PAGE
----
and from the violence that [is] in their hands: their rapine and oppression, their thefts and robberies, and preying upon the substance of others; which seem to be the reigning vices of this city, in doing which many murders were committed also; see Nahum 3:1; the Jewish writers interpret this of making restitution for rapine and violence, which is a genuine fruit of repentance; see Luke 19:8. The Septuagint version understands this, not as a direction from the king to the men of Nineveh what they should do, but as a narrative of what they did; and no doubt but they did these things, put on sackcloth, fast, pray, and turn from their evil ways; yet they are the instructions of the king unto them and the orders he gave them.
Who can tell,.... The Septuagint and Arabic versions prefix to this the word "saying", and take them to be, not the words of the king, but of the Ninevites; though very wrongly: or "who is he that knows"; which some connect with the next word, "he will return": that is, that knows the ways of repentance, he will return, as Kimchi and Ben Melech; or that knows that he has sinned, as Aben Ezra: or that knows the transgressions he is guilty of, will return, as Jarchi; and so the Targum,
"whosoever knows that sins are in his hands, he will return, or let him return, from them:''
but they are the words of the king, with respect to God, encouraging his subjects to the above things, from the consideration of the probability, or at least possibility, of God's being merciful to them:
[if] God will turn and repent, and turn away from his fierce wrath,
that we perish not? he speaks here not as nor as absolutely doubting, but as between hope and fear: for, by the light of nature, it is not certain that God will pardon men upon repentance; it is only probable or possible he may; neither the light of nature nor the law of Moses connect repentance and remission of sins, it is the Gospel does this; and it is only by the Gospel revelation that any can be assured that God will forgive, even penitent sinners; however, this Heathen prince encourages his subjects not to despair of, but to hope for, the mercy of God, though they could not be sure of it; and it may be observed, that he does not put their hope of not perishing, or of salvation, upon their fasting, praying, and reformation, but upon the will, mercy, and goodness of God.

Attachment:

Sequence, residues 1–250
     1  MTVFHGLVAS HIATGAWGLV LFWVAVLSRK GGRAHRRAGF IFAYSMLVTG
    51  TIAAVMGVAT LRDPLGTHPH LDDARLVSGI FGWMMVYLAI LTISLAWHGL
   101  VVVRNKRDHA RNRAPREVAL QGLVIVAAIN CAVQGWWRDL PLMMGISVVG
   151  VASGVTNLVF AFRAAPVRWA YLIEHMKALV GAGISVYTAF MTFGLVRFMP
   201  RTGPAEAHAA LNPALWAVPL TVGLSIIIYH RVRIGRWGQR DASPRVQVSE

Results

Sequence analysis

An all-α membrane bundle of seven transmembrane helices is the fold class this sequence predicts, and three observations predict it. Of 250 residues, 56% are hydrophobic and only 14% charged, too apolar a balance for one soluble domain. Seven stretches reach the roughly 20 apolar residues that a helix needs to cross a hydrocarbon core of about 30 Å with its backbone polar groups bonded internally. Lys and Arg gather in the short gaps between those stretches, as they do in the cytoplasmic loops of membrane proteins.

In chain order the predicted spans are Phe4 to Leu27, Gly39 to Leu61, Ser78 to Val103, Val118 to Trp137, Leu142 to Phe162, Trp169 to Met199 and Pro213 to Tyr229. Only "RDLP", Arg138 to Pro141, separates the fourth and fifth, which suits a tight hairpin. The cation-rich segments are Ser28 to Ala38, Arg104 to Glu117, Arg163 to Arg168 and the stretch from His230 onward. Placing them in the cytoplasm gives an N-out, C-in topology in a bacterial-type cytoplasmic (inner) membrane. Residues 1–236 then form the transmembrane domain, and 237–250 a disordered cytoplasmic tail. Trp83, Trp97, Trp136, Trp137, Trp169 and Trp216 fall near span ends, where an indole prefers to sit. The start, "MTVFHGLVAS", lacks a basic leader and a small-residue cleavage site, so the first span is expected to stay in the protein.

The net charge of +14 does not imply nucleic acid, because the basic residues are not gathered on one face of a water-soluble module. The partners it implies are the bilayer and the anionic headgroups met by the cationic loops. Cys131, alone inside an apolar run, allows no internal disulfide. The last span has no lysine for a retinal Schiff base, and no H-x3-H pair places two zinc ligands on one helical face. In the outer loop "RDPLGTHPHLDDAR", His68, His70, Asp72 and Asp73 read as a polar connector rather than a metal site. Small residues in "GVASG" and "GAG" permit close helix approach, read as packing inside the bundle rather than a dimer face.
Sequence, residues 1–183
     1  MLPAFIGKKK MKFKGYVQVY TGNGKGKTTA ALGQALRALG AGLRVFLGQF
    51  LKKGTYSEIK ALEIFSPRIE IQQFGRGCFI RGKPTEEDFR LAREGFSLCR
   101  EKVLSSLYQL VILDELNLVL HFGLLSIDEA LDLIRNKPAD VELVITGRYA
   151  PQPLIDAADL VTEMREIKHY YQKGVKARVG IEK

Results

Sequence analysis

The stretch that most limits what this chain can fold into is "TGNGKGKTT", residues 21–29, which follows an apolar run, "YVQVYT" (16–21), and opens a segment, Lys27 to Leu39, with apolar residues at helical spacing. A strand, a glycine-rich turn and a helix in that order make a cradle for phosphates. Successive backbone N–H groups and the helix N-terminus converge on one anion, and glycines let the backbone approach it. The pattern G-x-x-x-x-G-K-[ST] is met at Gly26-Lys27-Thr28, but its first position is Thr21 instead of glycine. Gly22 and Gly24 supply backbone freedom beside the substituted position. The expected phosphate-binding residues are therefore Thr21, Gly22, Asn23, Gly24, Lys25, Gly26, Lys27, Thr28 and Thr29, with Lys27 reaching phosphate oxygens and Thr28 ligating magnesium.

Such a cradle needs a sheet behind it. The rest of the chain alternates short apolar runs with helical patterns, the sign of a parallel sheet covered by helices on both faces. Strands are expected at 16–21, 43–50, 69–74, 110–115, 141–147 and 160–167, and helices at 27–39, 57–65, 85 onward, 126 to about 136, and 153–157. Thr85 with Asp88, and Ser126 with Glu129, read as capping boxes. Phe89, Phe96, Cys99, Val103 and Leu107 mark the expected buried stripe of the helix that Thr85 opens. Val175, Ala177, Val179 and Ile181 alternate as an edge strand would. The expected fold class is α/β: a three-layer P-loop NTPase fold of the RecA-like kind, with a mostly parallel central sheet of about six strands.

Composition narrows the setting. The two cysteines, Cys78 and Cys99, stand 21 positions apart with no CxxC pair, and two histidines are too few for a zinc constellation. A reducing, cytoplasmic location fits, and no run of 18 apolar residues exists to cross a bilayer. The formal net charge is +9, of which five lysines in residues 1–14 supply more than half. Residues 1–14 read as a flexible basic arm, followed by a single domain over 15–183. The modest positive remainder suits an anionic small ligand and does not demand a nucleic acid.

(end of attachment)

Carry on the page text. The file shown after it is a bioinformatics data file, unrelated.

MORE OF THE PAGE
And God saw their words, that they turned from their evil way,.... Not their outward works, in putting on sackcloth and ashes, and fasting; but their inward works, their faith in him, and repentance towards him; and which were attended with fruits and works meet for repentance, in that they forsook their former course of life, and refrained from it; and these he saw not barely with his eye of omniscience, as he sees all persons and things, good and bad, but so as to like them, approve of them, and accept them, in which sense the word is used, Genesis 1:4; and so the repentance of these men is spoken of with commendation by Christ, and as what would rise up in judgment, and condemn the men of that generation, Matthew 12:41;
and God repented of the evil that he had said that he would do unto them, and he did [it] not; this is spoken after the manner of men, as Aben Ezra observes; and is to be understood, not of any such affection in God as repentance; but of an effect done by him, which carries in it a show of repentance, or resembles what is done by men when they repent; then they change their course and conduct; so, the Lord, though he never changes his will, nor repents of or revokes his decrees, or alters his purposes; yet he sometimes wills a change, and makes an alteration in the dispensations of his providence, according to his unchangeable will. God, in this case, did not repent of his decrees concerning the Ninevites, but of what he had said or threatened respecting the overthrow of Nineveh, in case of their impenitence; it was his will that they should be told of their sin and danger, and by this means be brought to repentance, and the wrath threatened them be averted; so that here was a change, not of his mind and will concerning them, but of his outward dispensations towards them; see Jeremiah 18:7.
The New John Gill's Exposition of the Entire Bible Modernised and adapted for the computer by Larry Pierce of Online Bible. All Rights Reserved, Larry Pierce, Winterbourne, Ontario.
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Gill, John. "Commentary on Jonah 3". "The New John Gill Exposition of the Entire Bible". https://www.studylight.org/
the Week of Proper 24 / Ordinary 29